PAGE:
Jef Smith looks at the latest government attempt to confront the training and support needs of workers on the front line of health and care services.
Let us begin with a quotation: “Helping an elderly person to eat and swallow, bathing someone with dignity and without hurting them, communicating with someone with early onset dementia; doing these things with intelligent kindness, dignity, care and respect requires skill.”
To anyone working in social care that sounds like a pretty obvious description, though expressed on this occasion with particular sensitivity. Its significance lies in the fact that it comes from an official report commissioned in the spring of 2013 by the Secretary of State for Health. If he and others in authority were to take it seriously and act on the implications for policy that flow from that basic statement, the day-to-day practice of providing care and support for vulnerable older people in homes would be transformed. Will this happen? I doubt it.
The quotation comes from the Cavendish Review, a document named after its author Camilla Cavendish, who is an associate editor of The Times and, incidentally, an old friend of the Prime Minister from university days. The review was set up following the highly critical Francis Inquiry into the Mid Staffordshire NHS Foundation Trust, which more or less coincided with a series of reports into serious failings in other hospitals and care homes.
Ms Cavendish’s task was to consider what could be done to ensure that the 1.25 million or so front-line staff, who deliver most of older people’s hands-on care, do so with thought and compassion. The review was conducted in just 14 weeks; perhaps journalists should be employed more often to analyse tricky policy issues for Government — or perhaps not.
Camilla Cavendish consulted widely in the course of her investigation. She used focus groups and roundtable discussions, a seminar for employers, an online survey which attracted 4000 responses, various meetings around the country, and a consultation exercise to which 100 individuals and organisations submitted evidence. So while getting a thoughtful and independent commentator to spend three months intensively studying a controversial issue has been achieved, getting a Minister to take the consequent policy decisions, which would have significant personal and resource implications for everyone in the care industry, is a very different process. Well into the autumn of 2013, the Government’s response to the review was still awaited.
Bringing health and care closer together
Among the review’s “guiding principles” was a resolve “to try to reduce complexity and bureaucracy”, not an uncommon aspiration, but one not easily achieved. Ms Cavendish expressed surprise at how the systems set up to help vulnerable older people seem “disconnected”, noting that “the NHS operates in silos”.
Social care, she added, in a particularly telling phrase, “is seen as a distant land occupied by a different tribe”. It was not central to her remit to suggest how that divide could be crossed, an objective that has eluded many brave people for more than half a century and which still preoccupies contemporary politicians, but the core of her proposals would go some way to closing the gap and, for the workforce, could significantly affect its impact on career development.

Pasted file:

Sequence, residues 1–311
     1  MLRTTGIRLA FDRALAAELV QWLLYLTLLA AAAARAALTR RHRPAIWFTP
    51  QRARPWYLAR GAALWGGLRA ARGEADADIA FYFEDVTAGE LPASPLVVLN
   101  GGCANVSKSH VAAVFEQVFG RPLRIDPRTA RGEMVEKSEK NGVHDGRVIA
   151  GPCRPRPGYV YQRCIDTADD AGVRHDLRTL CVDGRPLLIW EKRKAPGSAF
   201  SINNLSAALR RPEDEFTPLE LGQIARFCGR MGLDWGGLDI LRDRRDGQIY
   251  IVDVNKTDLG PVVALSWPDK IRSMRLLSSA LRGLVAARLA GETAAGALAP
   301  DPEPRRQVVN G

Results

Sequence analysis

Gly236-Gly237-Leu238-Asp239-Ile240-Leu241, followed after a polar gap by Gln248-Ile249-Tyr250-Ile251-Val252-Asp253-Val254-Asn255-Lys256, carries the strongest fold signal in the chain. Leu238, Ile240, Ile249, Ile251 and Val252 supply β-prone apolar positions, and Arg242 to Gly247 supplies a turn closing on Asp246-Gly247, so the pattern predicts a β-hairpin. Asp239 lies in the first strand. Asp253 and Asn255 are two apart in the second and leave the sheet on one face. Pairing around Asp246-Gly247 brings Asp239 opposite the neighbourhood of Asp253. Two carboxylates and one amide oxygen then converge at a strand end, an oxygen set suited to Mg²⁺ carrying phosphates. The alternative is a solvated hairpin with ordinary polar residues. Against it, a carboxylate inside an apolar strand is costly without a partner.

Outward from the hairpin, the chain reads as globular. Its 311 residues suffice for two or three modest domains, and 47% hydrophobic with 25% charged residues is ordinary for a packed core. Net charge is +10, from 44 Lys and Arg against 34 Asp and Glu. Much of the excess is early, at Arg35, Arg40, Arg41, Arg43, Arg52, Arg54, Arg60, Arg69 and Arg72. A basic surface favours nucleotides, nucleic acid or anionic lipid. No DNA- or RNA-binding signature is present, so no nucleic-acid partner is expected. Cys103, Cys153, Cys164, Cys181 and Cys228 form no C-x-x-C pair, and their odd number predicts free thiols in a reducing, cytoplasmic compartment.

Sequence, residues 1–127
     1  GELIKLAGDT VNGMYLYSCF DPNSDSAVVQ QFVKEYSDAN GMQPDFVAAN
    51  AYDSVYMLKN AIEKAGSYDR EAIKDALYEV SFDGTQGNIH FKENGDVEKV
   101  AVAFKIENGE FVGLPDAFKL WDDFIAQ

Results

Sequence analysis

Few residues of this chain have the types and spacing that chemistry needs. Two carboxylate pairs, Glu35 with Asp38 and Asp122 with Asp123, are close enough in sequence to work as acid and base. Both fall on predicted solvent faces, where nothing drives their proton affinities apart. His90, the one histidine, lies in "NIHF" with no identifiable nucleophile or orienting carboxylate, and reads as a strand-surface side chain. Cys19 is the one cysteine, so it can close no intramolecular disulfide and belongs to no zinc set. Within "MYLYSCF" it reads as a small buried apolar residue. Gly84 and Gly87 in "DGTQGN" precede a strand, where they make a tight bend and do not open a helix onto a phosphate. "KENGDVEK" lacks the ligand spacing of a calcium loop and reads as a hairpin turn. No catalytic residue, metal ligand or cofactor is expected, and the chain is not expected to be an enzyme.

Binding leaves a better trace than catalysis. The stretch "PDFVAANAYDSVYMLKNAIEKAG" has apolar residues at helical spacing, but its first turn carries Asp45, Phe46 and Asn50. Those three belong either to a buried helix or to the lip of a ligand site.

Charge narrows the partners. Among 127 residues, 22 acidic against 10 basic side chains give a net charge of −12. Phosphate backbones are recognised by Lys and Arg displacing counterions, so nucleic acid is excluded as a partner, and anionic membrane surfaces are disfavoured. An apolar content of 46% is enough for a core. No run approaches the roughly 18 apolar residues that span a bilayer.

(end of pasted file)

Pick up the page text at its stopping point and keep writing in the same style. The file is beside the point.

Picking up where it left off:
The number of unregistered front line workers in social care many times exceeds that in health, but in recent years, care providers have suffered from a serious leakage of their staff into the NHS, largely because the wages are higher on that side of the fence.
Oddly, the recommendations for bringing health and care closer together might even exacerbate the difficulties for social care employers. Cavendish recommended the creation of new common training standards and a common “Certificate of Fundamental Care”, which the Care Quality Commission would require all workers to have achieved before working unsupervised. This would, for the first time, link a basic level of training to nurse education generally, thus providing a relatively accessible promotion path into the higher levels of the health service hierarchy.
For the care sector, however, such a basic introduction would do little more than systematise the induction that the better employers already provide; as things stand, any real progression for front-line staff would still depend on working for diplomas, as at present.
Training and induction
A decent induction for residential care workers is by no means universally available. Cavendish quotes workers “who were given a DVD to watch at home before being sent straight out to the front line” and others “who were asked to pay for mandatory training out of their own pocket”. Though she acknowledges that “employers are striving to train, retain and motivate staff under considerable financial pressure”, this is clearly highly unsatisfactory.
She also reflects the widespread dissatisfaction with vocational qualifications as currently constituted, reporting that managers “find it burdensome to navigate the sea of vocational qualifications and training courses, which has developed in response to changing fashions in government funding”. This has brought “costly duplication, as employers develop their own in-house courses, and retrain new staff irrespective of what training they have had elsewhere”.